I was also completely unsure of what to really expect. There’s no way I could have known what each stage of labor feels like, despite my extensive reading. I wish I would have had someone (a midwife, a doula) there to encourage me along. I really think that I made labor longer than it needed to be by refusing to get too excited about it. I wanted to be stoic and “save my energy” till the end, but I know now that I could have used a bit more stimulation – especially considering the fact that my contractions were regular, labor never stalled, and I was in no serious pain (no back pain, etc).
In the end, Aidan was born with no problem – healthy as can be – and I *thought* I felt fine, just tired. When I still couldn’t stand without passing out after 24 hours, tired turned into something more serious. I opted for a blood transfusion after 3 days of not recovering on my own. It wasn’t the *amount* of blood that I lost, but my body’s inability to recover from the blood loss due to fatigue that did me in.
Not knowing if this would be a recurring problem, we decided to stick with the same OB the next time around. We switched to a different hospital that had more experience with women laboring without intervention because they had midwives on staff. We also hired a doula (Louise, that I mentioned above).
EVERYTHING was SO much better! I knew what to expect, I stayed active other than the nap I took (!!!), I delivered Cora upright (on my knees), and I felt SO good compared to the first time! We left at the 24 hour mark and other than some tenderness “down there” I didn’t feel like I’d had a baby!! Her labor was a total of 15 hours.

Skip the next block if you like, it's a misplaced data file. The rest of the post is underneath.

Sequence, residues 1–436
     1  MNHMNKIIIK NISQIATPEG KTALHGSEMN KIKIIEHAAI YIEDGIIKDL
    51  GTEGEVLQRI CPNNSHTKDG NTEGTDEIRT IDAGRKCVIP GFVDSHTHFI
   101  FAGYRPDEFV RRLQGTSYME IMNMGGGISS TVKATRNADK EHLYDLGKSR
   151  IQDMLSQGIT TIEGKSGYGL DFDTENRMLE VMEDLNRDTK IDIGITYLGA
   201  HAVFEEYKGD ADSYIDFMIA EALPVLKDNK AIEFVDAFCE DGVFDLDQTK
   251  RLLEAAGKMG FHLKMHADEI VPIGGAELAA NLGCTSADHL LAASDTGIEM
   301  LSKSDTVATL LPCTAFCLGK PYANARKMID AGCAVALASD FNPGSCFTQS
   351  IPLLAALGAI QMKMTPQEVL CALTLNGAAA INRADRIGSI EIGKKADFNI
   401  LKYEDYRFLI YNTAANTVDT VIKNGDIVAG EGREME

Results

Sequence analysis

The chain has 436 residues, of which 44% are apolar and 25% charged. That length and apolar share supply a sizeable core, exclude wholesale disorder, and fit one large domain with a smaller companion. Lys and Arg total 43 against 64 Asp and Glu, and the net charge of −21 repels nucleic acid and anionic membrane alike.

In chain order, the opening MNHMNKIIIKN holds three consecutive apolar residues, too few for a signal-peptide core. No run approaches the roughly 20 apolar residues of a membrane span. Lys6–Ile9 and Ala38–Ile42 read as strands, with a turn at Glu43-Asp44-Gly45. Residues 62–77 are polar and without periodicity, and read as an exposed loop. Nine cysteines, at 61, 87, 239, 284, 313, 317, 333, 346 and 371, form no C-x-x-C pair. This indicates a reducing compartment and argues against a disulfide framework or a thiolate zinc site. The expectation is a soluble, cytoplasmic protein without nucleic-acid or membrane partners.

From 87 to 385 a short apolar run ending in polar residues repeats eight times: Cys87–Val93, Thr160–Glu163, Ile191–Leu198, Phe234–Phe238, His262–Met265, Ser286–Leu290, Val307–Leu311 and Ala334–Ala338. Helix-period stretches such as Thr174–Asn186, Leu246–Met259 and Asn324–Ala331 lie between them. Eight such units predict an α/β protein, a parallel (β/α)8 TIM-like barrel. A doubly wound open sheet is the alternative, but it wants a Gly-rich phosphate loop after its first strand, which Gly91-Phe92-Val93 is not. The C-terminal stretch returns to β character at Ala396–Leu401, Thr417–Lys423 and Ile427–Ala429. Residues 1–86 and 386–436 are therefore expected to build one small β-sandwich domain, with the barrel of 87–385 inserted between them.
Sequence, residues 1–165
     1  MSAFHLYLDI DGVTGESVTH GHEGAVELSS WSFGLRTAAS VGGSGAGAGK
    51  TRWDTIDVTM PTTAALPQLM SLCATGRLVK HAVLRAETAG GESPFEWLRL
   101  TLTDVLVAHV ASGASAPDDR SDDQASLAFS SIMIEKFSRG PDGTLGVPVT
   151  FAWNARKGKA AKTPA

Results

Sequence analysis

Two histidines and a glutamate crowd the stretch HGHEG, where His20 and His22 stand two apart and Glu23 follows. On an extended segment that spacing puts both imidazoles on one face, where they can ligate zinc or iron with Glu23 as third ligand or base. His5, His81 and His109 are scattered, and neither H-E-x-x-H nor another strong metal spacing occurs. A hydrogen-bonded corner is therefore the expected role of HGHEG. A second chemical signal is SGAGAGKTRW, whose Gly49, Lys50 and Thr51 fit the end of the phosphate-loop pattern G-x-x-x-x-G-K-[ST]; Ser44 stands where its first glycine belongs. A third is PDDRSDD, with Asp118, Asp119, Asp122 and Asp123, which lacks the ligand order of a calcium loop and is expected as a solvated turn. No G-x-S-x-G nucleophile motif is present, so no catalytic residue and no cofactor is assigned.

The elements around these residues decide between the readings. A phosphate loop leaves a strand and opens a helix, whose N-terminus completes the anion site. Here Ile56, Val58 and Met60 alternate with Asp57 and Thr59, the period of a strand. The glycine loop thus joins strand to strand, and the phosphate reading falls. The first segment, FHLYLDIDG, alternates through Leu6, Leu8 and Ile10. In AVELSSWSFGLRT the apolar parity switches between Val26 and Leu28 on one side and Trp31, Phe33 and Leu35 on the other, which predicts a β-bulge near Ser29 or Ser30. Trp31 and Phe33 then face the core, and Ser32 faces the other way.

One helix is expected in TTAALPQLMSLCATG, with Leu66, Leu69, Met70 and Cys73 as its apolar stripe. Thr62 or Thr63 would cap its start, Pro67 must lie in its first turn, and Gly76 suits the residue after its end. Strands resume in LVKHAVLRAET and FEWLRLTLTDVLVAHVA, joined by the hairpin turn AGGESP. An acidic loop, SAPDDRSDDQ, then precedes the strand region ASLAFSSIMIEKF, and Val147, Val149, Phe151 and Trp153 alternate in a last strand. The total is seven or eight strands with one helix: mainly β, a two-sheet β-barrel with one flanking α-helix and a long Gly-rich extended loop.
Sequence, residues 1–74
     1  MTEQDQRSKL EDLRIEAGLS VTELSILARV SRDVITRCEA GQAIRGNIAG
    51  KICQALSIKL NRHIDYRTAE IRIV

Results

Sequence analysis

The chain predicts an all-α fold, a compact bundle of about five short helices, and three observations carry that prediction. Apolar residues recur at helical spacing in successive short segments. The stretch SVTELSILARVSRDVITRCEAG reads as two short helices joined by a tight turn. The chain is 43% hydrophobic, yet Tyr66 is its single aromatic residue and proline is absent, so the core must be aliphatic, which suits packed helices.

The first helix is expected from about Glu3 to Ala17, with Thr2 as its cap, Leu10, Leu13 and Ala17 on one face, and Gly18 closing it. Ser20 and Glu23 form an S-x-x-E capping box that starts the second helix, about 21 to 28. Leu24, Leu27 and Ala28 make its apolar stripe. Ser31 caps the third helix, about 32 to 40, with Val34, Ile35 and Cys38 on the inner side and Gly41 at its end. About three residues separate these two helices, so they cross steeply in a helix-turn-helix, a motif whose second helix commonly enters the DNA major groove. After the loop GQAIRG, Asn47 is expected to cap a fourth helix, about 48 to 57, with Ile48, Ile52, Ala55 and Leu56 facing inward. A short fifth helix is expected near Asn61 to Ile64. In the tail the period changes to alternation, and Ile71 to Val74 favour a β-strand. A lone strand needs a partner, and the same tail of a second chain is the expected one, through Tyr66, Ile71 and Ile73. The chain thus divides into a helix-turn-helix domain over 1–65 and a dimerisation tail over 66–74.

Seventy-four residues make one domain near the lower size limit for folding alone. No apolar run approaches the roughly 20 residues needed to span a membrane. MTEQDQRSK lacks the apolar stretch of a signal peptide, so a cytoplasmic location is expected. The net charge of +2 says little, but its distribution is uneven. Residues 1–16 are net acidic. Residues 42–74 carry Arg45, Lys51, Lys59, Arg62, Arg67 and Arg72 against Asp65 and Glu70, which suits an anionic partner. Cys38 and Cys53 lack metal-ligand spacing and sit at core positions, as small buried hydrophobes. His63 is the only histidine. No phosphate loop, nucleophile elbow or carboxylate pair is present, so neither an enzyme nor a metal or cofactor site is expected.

Still, there are a number of things that bothered me about our birth setting and how my labor was “handled”:
- Intake in the ER was very frantic. I was 7cm dilated and they acted like they’d never seen a laboring woman before!!
- They had a terrible time getting my IV (I opted for just a hep-lock, so no tubing) in – it took three (I think, I’m a little fuzzy on details) people trying. Keep in mind I’m nearing/in transition at this point, and they wanted me to sit STILL for the IV!
- They still wanted to get a 20-30 minute “baseline” of Cora’s heartrate using an external monitor even though I was practically ready to push!
- Then they wanted me to WAIT to push b/c my OB wasn’t there yet!!
- When he finally got there and gave me the ok to push, he wasn’t comfortable catching Cora in the position I’d chosen (upright on my knees). Thankfully he did it anyway.
- Because he wasn’t comfortable, he urged me to push her out quickly. I really wanted to wait and push with contractions. :(